Moratorium on Evictions Protects Vulnerable Children

June 11, 2020

By Sarah Dickerson, Anna Gassman-Pines, Beth Gifford and Marcos Rangel

North Carolina Governor Roy Cooper and Chief Justice Cheri Beasley’s orders on May 30 pertaining to the moratorium on evictions will help keep North Carolina’s students healthy and safe in the months ahead. With almost one million North Carolinians, out of the approximately four million working adults, filing for state or federal unemployment this spring, many families are struggling to pay their bills, including rent.[1]

On May 30, Governor Cooper issued Executive Order 142, which includes a moratorium on evictions for late payment or nonpayment.[2] Additionally, the order provides an extra six months payoff period for rent that comes due from May 30 to June 21 without any penalties.[3] Earlier this spring, Chief Justice Beasley ordered all court proceedings postponed until June 1, effectively stopping eviction proceedings during the initial wave of COVID-19. In conjunction with Executive Order 142, Chief Justice Beasley issued an order extending the stay on eviction proceedings until June 21, in accordance with the federal CARES Act on March 27, 2020, and announced the creation of a voluntary mediation program for residential evictions.[4]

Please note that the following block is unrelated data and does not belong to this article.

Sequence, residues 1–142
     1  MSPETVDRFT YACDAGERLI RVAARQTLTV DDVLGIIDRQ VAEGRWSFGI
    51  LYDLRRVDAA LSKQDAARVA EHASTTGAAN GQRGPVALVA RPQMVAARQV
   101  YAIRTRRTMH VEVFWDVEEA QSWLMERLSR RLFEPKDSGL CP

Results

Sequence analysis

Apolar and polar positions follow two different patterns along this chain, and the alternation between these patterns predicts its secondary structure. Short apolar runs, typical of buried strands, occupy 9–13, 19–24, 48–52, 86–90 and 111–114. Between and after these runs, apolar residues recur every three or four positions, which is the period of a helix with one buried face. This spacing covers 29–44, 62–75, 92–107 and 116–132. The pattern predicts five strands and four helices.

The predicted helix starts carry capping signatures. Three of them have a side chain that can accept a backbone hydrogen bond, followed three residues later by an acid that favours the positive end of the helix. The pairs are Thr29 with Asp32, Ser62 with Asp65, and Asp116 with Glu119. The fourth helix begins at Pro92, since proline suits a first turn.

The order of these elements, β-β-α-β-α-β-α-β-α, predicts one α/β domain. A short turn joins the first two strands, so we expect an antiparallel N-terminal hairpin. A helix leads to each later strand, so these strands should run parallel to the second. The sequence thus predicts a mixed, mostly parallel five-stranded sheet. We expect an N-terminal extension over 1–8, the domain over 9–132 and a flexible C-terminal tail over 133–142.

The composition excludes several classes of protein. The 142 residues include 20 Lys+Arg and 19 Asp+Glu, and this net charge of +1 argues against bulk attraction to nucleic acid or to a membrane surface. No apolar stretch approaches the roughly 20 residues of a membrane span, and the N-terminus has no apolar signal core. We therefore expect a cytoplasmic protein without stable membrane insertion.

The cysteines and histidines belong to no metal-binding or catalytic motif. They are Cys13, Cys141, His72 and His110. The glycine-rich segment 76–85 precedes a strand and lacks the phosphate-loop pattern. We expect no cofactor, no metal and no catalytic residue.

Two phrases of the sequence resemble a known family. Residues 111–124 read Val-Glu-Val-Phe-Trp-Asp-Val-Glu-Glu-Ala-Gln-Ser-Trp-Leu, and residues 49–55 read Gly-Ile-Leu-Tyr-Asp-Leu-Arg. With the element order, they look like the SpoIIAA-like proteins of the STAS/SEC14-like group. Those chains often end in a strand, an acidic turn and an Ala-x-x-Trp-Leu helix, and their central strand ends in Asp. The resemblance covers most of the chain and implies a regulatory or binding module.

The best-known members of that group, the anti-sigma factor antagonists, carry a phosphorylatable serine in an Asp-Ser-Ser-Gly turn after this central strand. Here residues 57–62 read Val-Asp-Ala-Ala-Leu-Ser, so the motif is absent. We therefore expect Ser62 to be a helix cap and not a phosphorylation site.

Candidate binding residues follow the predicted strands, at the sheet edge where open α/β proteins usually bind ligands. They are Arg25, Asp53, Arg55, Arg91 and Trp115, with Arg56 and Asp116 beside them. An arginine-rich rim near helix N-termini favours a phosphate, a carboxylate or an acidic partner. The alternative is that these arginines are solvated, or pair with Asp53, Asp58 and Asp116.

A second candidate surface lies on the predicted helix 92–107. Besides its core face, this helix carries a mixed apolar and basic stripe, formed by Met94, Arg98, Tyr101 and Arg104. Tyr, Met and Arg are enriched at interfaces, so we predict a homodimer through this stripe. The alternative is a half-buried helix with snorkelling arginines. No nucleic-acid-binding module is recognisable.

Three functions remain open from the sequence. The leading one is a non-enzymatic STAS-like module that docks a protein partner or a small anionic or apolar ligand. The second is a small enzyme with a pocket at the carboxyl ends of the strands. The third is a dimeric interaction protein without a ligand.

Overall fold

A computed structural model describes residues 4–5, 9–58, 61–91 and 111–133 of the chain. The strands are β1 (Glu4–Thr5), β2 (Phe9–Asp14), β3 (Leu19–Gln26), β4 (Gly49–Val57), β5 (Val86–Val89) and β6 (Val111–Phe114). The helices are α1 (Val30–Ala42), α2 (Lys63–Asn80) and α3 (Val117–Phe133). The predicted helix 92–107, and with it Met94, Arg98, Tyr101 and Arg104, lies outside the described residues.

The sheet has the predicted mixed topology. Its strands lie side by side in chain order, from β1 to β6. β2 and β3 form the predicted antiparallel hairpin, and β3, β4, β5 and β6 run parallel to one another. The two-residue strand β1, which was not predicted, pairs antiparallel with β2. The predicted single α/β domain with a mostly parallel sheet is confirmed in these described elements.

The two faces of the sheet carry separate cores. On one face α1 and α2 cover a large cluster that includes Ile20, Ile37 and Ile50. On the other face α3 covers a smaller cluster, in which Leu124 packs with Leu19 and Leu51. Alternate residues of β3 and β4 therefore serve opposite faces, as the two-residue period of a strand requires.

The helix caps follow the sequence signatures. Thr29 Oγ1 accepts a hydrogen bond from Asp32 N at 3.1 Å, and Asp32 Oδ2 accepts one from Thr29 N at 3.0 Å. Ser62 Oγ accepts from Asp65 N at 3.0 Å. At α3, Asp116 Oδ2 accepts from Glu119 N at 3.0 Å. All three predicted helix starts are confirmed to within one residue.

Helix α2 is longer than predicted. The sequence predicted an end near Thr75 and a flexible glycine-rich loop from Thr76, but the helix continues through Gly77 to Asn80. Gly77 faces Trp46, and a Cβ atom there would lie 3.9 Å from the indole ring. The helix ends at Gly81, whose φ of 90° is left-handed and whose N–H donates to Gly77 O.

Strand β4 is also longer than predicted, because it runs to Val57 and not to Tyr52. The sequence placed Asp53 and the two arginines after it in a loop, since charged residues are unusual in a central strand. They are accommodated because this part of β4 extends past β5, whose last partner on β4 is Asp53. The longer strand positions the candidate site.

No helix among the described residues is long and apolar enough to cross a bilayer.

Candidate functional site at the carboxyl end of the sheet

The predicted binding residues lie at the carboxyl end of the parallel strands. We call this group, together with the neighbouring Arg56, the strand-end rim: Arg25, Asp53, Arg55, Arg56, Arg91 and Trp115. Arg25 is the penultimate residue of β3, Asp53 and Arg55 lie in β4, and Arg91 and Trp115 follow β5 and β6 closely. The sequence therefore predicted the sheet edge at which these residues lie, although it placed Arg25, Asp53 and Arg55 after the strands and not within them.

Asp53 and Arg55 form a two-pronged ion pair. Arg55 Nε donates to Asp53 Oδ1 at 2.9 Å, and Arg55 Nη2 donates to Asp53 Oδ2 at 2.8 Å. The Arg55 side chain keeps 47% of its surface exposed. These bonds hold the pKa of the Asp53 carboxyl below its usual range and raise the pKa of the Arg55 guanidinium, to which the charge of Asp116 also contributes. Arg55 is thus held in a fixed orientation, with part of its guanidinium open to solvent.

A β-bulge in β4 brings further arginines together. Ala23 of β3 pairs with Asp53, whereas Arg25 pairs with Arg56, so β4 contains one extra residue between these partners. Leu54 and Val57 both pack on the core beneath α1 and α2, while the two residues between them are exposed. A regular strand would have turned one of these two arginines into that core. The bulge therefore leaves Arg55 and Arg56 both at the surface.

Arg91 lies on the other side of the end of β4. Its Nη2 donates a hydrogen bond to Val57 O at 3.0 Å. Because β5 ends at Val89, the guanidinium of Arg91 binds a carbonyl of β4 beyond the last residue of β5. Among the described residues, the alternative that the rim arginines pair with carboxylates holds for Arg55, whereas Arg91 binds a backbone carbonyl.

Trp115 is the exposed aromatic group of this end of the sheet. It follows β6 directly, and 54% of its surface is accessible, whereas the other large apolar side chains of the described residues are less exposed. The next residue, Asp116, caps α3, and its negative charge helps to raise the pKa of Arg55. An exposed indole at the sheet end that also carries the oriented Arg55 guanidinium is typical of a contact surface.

This is good first step toward providing protection for North Carolina’s most vulnerable students. Research shows that students who experience eviction are more likely to live in families earning low incomes, belong to communities of color, and have special education needs than students who do not experience eviction. These students are also at heightened risk to contract COVID-19 and/or be more likely to suffer greater harm if they do contract COVID-19. Ensuring these students do not become homeless is critical to protecting their health and well-being. With the announcement of these orders, Governor Cooper and Chief Justice Beasley have taken an important step to help prevent eviction among those impacted by the economic devastation of COVID-19. Additional housing policies may provide further support to vulnerable children and their families during the months and years ahead.

[1] https://www.journalnow.com/business/n-c-exceeds-3-billion-in-paid-state-federal-unemployment-insurance-benefits/article_a2d889fe-26a3-5b02-86c6-9eacab92c896.html

[2]https://files.nc.gov/governor/documents/files/EO142-Temp-Prohibitions-on-Evictions-and-Extending-Prohibition-on-Utility-Shut-Offs.pdf

[3] https://files.nc.gov/governor/documents/files/EO142-Temp-Prohibitions-on-Evictions-and-Extending-Prohibition-on-Utility-Shut-Offs.pdf

[4] https://www.nccourts.gov/news/tag/press-release/chief-justice-beasley-issues-new-emergency-orders-staying-evictions-and-extending-filing-deadlines